Boy in the Moon Book Review

Pages: 7 (2627 words) Published: January 12, 2013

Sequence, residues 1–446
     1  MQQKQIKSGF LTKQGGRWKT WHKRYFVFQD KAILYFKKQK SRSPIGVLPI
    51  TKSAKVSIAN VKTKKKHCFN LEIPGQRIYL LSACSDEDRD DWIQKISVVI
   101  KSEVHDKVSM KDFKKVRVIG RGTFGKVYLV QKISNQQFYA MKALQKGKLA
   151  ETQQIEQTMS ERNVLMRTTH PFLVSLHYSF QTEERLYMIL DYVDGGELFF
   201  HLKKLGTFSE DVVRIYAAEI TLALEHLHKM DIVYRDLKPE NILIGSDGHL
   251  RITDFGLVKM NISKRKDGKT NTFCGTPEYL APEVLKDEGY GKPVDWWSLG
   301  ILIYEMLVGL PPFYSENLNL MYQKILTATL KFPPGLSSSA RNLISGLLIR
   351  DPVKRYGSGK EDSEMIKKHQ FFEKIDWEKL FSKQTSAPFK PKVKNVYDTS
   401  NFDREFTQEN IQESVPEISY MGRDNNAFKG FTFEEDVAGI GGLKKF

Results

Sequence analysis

Ian browns sons face is distorted, missing his eyebrows, has a thick lower lip, beats himself and so much more. His son, Walker (note the sad irony of his name) is diagnosed with cardiofaciocutaneous syndrome (CFC), an extremely rare genetic mutations with only 100 reported cases worldwide. The formula walker depends on to live costs the Browns 12, 000$ a year. Ian meets with other families who have a relative or a loved one diagnosed with CFC, though the solace they provide is only passively communal. “The Boy In The Moon” presents the philosophical dilemma that one receives and demonstrates the bitter-sweet moments of a life that come along with a child like Walker. Ian starts the book with an all too common routine in the Browns household. Walker is rhythmically beating himself in the dead of the night waking Ian up to do “The same routine of tiny details, connected in precise order, each mundane, each crucial” as he puts it. The only way to ease him back asleep is to make him a bottle which requires him to disconnect the feeding contraption. Walker has a mickey or a G-tube (gastrostomy tube) which is a tube that goes from the stomach all the way outside the body, the tube is cut off by a valve. Walker feeds during the night through the mickey. The simple task of making a bottle for walker now becomes an extremely complicated task. First he must turn off the feeding pump, close the feed line, crimp the tube, un-zip the sleeper, unlock the line from the mickey, pull the line, re-zip the sleeper then take out walker, all in the dark and in complete silence. Ian and Johanna’s (Ian’s wife) first child is called Hayley, the idea of having their second child Walker came because of the thought that Hayley, being a single child, needed the company, an ally of sorts in ‘her future fights’ as Ian comes to call it. After a while ‘We [Ian and Johanna] let nature take its course’ and ‘quickly produced a brother for Hayley’. Hayley was three when Walker was born. The news of his condition led to arguments about having a third child. Johanna wanted to bracket Walker with normality (though I think she thought that this might institutionalize him) and insulate Hayley with the loneliness of being raised with an extremely disabled child. However Ian disagreed with this and recalls that the guilt ‘was as inevitable as the weather’. The sort of void a parent must feel for their children in such a situation would be huge. Society now a day is a highly structured environment and the systematization of a child is crucial. Any successful system or social structure requires consistency which is where ‘normality’ or something along the lines of ‘normalness’ comes in. Johanna is trying to bring her children as close to being normal because she believes that her family might not fit in completely. Ian brings up a series of questions regarding walker. He asks if he can be taught, or will he change? Can his condition get any better? One question that really moved me was; is there really a child underneath that body? Does he understand the world he lives in? When Walker sees Hayley did he really say hey-hey or was he just breathing? When I [Ian] say goodbye, did he really say bye-bye or was he just breathing? Ian then proceeds to explaining how he wasn’t the only one that thought this; Hayley would say “Dad! He just said bye!” followed by “I’m going to cry”. I can only imagine the how this must feel. Not knowing if Walker was really trying to communicate or if you were just creating a mere illusion. Another question that arises is if Walker was aware? Ian gives the reader a short story about walker. A teacher was guiding walker hands to paint; he tells us that walker seemed happy but then proceeds to question his state of mind. Was he really happy? Did he even know he was painting, was he aware of what he was doing? At the same school, the teachers explained that walker enjoyed other people as company, or at...
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